Wreaths are as much a part of the holiday season as are Christmas trees and holiday cookies. As easy as it is to go pick on up from the floral shop, it’s really not that difficult to put one together from the greens in your yard (with maybe borrowing a couple of pinecones from the neighbors)
1 to 2 large bundles of hemlock, spruce, Douglas fir or a combination
1 bundle of holly
1 metal wreath frame
Spool of fine green wire
Embellishments such as pine cones, ribbon, holly, etc.
For the directions on how to make a beautiful wreath, click below.
To prepare the greens, take the large boughs and cut the limbs into many 6- to 8-inch pieces. Don’t worry about trimming irregularly shaped pieces–you want a natural look and can use nearly everything except the thick central branch. Also, cut about twenty 15-inch pieces of wire and put them nearby.
Begin to make bunches of evergreens. Use the sturdy pieces from the base of the branches for the back of the bunch; they provide support but are fairly well hidden. You’ll see that the tips of the branches are symmetrical and prettier because they haven’t been cut. As you gather, say, four or five pieces for your bunch, place these sections near the front where they will be the most visible.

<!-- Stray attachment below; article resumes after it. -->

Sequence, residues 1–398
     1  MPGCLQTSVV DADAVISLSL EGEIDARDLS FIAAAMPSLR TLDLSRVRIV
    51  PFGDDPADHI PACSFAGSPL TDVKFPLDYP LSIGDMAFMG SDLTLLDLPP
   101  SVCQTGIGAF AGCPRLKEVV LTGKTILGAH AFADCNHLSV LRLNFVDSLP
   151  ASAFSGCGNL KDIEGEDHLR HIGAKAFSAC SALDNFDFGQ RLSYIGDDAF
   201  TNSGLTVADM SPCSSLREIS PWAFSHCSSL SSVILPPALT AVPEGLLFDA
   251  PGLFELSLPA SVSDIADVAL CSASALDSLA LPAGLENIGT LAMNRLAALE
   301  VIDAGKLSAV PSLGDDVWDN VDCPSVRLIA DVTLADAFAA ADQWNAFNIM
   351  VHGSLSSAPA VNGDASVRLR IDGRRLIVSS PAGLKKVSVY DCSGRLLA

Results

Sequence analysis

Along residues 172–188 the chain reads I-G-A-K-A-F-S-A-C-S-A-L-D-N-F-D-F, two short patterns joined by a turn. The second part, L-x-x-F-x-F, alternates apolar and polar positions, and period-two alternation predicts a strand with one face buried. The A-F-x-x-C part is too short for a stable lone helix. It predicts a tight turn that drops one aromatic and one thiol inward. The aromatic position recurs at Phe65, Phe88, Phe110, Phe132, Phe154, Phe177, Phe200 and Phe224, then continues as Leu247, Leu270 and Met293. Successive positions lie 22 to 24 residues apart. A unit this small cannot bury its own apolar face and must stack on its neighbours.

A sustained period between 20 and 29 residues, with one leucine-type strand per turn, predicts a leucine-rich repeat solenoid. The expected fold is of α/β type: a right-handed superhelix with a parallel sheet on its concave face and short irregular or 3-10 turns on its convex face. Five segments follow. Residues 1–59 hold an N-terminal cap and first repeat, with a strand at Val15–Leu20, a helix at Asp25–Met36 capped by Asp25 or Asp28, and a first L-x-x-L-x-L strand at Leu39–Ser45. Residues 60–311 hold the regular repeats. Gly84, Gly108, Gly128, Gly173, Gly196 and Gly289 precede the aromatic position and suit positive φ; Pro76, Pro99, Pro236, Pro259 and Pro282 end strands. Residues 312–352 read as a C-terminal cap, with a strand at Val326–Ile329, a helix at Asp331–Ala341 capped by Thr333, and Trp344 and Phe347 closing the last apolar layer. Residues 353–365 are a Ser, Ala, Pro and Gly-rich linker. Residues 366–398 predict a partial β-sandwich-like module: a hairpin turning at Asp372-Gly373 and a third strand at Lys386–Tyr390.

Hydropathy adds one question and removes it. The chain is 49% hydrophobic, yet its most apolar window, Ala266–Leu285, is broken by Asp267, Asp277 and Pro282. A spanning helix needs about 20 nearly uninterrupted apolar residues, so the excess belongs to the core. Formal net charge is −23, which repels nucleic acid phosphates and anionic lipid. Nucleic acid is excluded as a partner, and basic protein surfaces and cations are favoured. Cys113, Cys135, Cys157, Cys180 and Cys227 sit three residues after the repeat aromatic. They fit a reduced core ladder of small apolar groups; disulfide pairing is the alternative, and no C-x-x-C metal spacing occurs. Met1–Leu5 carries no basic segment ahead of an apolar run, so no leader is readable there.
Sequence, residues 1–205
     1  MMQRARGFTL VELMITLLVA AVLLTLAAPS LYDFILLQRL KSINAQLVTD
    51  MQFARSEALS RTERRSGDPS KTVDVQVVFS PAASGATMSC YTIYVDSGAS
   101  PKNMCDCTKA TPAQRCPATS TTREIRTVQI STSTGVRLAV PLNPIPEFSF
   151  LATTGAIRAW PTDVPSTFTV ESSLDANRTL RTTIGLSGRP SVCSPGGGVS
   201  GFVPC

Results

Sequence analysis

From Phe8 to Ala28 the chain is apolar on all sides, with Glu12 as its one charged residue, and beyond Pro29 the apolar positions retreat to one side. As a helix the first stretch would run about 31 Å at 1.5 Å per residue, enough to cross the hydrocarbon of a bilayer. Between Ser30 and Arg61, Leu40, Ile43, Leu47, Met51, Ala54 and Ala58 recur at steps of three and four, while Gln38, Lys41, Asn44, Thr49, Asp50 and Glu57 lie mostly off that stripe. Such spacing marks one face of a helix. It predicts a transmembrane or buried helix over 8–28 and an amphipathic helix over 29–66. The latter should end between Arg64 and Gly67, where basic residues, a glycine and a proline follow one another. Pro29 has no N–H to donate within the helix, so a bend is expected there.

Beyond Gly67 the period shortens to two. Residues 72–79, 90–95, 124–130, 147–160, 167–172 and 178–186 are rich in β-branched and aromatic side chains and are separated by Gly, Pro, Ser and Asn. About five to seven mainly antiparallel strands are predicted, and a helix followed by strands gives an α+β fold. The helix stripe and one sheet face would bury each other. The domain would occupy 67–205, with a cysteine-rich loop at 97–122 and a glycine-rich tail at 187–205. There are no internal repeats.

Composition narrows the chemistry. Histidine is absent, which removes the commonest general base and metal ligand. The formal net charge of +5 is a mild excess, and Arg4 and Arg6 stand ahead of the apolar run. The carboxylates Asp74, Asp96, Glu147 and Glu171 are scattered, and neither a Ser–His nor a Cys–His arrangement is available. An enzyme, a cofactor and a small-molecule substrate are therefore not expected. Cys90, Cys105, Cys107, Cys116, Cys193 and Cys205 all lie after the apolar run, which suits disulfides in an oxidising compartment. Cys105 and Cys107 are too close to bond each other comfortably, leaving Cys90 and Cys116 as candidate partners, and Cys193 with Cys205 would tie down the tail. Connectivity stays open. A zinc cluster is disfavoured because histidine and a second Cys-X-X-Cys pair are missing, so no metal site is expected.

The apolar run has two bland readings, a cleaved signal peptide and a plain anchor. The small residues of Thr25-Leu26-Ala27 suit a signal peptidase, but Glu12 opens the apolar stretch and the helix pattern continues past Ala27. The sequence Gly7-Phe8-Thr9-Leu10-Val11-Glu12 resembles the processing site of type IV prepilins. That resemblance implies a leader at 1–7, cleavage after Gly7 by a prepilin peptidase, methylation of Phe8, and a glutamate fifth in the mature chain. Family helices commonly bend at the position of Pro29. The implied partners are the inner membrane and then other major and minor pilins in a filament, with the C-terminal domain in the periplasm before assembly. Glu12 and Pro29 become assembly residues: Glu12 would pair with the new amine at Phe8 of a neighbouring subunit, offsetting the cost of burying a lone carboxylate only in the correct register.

When you have formed a nice, thick bunch of greens, hold them down against the frame with one hand and take a piece of wire in the other. Place the greens in position and lay the wire across the bundle, about two-thirds of the way from the top. Now, holding the bunch in place with the wire (one end in each hand), carefully turn over the frame and tighten and twist the wire. If you are using a metal frame, clip off any excess wire.
Attach the second bunch of greens in the same way, except (if desired) add a sprig of holly in the front where it can easily be seen. You can create your own patterns with holly–adding it to every bunch or every two or three. Place the bundle in the same direction as the first one; the second overlaps the first so that only about a third of the underlying bunch is visible.
Repeat above steps as many times as needed to work your way around the wreath. A frame 16 inches in diameter will require about 12 bunches. Where the last bunch meets up with the first, there is often a spot that is less full than the rest of the wreath. It’s an ideal place to tie a ribbon.
If desired, take a piece of wire, run it once around the bow and wrap the two ends around the wreath, twisting it in the back. This is also the time to add any pine cones or other embellishments to the wreath.
Make any last minute adjustments to ensure the balance of the wreath and hang it outside!
Here are a couple of beautiful wreaths from different materials I came across…